Dir: David Ayer
Brad Pitt returns to WWII-era Europe to finish the job he started in Inglourious Basterds and kill off the last of the Nazis in David Ayer’s tank pic Fury. Still gung-ho about obliging Nazi’s death wishes yet far more world weary, Pitt finds himself in a decidedly darker affair than Tarantino’s tale as Fury is mired in mud and inventively, revoltingly violent. Ayer leaves behind his usual setting of Los Angeles (Training Day, Harsh Times, End of Watch) to write and direct this grim tale of sacrifice and lost humanity set amidst tank-based warfare in the waning days of WWII.
It’s April 1945 and despite inferior technology the Americans have the dwindling Nazi army on the run in their homeland. Of course, the last of the Nazis are dug in deep as ticks and it’ll take no small effort to burrow them out. Pitt plays Don ‘Wardaddy’ Collier, stoic leader of the resilient five-man crew of the titular Sherman tank. As the movie opens on an otherworldly scene of surreal violence (reminiscent of the artfulness of Spielberg’s War Horse finale), we’re introduced to Wardaddy’s crew. There’s rowdy redneck ‘Coon-Ass’ Travis (The Walking Dead’s Jon Bernthal), Latino comic relief ‘Gordo’ Garcia (frequent Ayer collaborator Michael Pena), religious yet filthy human ‘Bible’ Swan (Holes star and method actor Shia LaBeouf), and a fifth unnamed member who’s now a pile blood and viscera after Fury’s last military engagement. Fresh-faced Norman Ellison (The Perks of Being a Wallflower’s Logan Lerman) is assigned as the replacement driver – despite having only been in the military 8 weeks – and given the uphill battle of having to earn both his battle-hardened comrades’ respect and a cool nickname to match.
From the caked-on grit that the characters rarely bother to clean off their faces to the thick mud that tanks treads churn up, Fury enjoys wallowing in the muck that comes with prolonged warfare. The violence is equally grim and still manages to be novel and disturbing despite numerous war films over the years. Bullets fly by with wanton abandon and limbs are chewed and torn apart by zinging artillery; a character lets his guard down for one moment and is hit by an errant guerilla attack with horrific consequences. At one point the rookie Ellison is advised to “make his bullets count” so he can “harvest the most meat”. There’s a cold arithmetic at play here, as the remaining men, tanks and bullets of the war are carefully tallied and then slung at entrenched enemies in never-ending battles of attrition. Hard months and years manifest as bone-tiredness and dead eyes in the men who’ve been fighting, alleviated only by the audience surrogate of Ellison who’s thrown into this maelstrom of gore.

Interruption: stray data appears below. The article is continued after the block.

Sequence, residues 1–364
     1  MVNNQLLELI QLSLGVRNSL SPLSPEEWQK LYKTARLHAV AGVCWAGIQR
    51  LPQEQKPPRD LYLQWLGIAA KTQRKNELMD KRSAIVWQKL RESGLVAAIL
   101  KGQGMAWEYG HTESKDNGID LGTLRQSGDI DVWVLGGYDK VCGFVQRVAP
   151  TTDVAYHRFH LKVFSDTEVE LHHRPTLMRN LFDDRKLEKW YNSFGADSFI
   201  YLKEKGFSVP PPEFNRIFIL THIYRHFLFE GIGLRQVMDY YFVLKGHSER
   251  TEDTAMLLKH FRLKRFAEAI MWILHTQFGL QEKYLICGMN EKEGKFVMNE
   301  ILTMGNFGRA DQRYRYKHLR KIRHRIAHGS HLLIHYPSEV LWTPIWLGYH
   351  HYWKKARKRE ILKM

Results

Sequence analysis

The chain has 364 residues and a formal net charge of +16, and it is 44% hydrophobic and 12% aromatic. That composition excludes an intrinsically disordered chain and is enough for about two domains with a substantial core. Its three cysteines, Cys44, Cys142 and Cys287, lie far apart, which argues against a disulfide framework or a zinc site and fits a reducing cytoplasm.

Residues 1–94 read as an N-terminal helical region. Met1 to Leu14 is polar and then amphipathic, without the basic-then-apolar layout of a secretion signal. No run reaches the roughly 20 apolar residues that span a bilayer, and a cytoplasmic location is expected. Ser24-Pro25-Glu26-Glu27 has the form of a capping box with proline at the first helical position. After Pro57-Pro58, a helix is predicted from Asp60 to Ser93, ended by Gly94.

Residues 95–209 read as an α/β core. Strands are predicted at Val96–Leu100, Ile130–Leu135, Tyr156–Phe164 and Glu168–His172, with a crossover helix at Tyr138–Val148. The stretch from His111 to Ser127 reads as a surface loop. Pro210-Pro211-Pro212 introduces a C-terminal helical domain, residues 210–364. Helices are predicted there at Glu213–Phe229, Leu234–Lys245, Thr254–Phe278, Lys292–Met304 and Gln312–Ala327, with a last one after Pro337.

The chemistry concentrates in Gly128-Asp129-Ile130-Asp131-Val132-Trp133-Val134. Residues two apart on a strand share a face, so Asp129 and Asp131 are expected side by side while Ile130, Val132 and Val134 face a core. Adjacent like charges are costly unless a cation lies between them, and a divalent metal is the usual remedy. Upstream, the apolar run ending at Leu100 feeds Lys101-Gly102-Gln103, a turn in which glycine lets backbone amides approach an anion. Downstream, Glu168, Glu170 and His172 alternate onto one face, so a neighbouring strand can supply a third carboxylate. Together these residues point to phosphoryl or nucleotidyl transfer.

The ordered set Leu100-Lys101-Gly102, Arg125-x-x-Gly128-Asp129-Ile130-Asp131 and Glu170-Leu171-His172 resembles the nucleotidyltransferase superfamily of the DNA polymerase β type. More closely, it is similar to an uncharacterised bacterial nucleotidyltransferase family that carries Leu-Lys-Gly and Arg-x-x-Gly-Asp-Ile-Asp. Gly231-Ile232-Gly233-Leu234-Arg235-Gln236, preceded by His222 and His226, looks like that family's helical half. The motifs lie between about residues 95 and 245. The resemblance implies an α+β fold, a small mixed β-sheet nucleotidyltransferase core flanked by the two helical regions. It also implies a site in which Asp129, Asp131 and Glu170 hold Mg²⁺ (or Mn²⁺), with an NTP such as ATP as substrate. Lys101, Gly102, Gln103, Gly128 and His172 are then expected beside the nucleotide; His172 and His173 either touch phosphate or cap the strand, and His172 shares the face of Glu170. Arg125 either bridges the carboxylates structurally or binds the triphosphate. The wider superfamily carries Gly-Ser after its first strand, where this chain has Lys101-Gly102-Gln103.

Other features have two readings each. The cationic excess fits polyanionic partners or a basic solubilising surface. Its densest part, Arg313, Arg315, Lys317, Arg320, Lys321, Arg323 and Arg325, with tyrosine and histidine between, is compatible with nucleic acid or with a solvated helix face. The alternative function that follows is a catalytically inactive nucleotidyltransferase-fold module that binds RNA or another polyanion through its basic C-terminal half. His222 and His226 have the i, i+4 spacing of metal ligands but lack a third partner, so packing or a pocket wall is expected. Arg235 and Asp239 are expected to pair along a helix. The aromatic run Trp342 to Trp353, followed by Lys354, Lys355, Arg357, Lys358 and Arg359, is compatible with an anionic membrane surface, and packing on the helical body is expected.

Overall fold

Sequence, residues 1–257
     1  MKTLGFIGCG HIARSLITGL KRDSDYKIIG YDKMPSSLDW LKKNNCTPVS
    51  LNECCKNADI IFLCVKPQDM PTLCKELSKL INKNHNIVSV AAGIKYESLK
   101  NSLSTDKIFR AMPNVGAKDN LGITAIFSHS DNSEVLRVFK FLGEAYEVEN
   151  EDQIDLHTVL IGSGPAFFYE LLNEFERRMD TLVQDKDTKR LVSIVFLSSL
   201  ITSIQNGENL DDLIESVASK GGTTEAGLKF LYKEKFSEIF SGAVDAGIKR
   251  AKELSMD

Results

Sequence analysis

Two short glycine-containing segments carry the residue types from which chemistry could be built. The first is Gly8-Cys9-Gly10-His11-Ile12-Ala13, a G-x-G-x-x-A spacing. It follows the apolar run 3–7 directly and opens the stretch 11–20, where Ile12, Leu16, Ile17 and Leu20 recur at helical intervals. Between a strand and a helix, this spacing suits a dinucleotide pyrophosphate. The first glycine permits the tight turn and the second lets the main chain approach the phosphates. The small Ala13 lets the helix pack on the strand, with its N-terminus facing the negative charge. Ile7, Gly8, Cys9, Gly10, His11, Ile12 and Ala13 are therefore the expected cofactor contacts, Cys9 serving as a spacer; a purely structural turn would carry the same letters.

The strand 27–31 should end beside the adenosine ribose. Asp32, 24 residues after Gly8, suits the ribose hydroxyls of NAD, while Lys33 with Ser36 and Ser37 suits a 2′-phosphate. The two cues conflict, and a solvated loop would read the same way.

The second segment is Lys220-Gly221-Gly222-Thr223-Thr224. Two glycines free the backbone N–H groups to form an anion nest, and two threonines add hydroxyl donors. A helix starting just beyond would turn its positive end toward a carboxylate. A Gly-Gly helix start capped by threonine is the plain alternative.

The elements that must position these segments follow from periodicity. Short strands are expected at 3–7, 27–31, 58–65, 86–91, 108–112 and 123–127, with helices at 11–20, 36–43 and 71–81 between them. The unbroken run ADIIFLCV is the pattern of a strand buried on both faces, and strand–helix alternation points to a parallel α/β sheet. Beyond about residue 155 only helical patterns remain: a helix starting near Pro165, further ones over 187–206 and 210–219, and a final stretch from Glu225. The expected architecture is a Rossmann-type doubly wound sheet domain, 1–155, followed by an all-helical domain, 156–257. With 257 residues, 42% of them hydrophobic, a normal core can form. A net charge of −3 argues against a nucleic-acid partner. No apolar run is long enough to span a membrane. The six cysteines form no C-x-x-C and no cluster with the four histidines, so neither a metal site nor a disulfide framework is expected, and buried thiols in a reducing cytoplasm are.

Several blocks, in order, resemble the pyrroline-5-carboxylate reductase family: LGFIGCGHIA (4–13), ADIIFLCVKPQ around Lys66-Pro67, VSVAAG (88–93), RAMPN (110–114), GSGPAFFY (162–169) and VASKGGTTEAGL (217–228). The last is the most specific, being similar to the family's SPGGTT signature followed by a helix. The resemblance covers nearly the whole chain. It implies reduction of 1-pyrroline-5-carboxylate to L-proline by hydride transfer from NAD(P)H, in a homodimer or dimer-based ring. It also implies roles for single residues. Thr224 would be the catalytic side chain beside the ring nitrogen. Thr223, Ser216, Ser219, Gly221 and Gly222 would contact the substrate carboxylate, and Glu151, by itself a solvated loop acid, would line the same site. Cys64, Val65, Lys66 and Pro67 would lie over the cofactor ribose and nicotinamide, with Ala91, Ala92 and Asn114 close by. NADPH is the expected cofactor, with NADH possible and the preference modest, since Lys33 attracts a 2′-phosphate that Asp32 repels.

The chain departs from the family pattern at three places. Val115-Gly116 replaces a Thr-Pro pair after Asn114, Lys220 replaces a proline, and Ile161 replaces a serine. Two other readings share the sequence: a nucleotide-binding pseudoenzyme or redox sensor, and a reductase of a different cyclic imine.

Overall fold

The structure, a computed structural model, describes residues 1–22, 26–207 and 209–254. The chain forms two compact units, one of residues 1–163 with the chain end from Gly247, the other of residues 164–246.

Lerman does a good job at selling his character’s descent into Hades, guided by the familiar hand and scarred face of Pitt. The supporting cast is strong and has fun with the dialogue, but is at-times cartoonish (with Bernthal’s ‘Coon-Ass’ being the worst offender). Ayers injects some of his signature manly banter into the downtime scenes, which sometimes comes off as anachronistic (did people really say ‘fuck’ that often in 1945?) but also adds some much-needed levity. Character motivations remain muddled, beyond the fact that these were once-good men worn downs to nubs by the violence and inhumanity they’ve been forced to perpetrate.
The movie sings when in battle, with a late-film matchup between American Shermans and a superior and deadly German Tiger standing out as viscerally thrilling. The male bonding scenes and limp middle section are less engaging, with a long dinner scene varying wildly in tone and doing a good job of making me hate most of the characters. We’re meant to truly empathize with the bonds these men have established, but the “big speech” (which is actually quite truncated) and inevitable final showdown ring somewhat hollow and don’t bring the emotional payoff the filmmakers intended.
Regardless, the fireworks on display are often wondrous to look at. Tracers soar through the night and smoke obscures the battlefield to create a true hellscape that these men must battle their way through. While the characters can devolve into caricature and the surroundings are almost too self-consciously grimy, there’s still some novel ideas at play if you can look past the ugliness. While Ayers makes good use of the expanded budget given here, more tank-to-tank battles would have been greatly appreciated as the one that did make it to the screen is definitely the highlight. It won’t knock off any of the greats (like Saving Private Ryan, The Thin Red Line, or Patton) from the list of the best WWII movies, but the uneven Fury will certainly occupy a comfortable place around the middle of that list, bolstered as it is with a familiar Brad Pitt performance and the rarely seen novelty of tank-based warfare. There’s even some religious iconography to support the maxim that War Is Hell, which Fury certainly goes to great lengths to show in gruesome detail.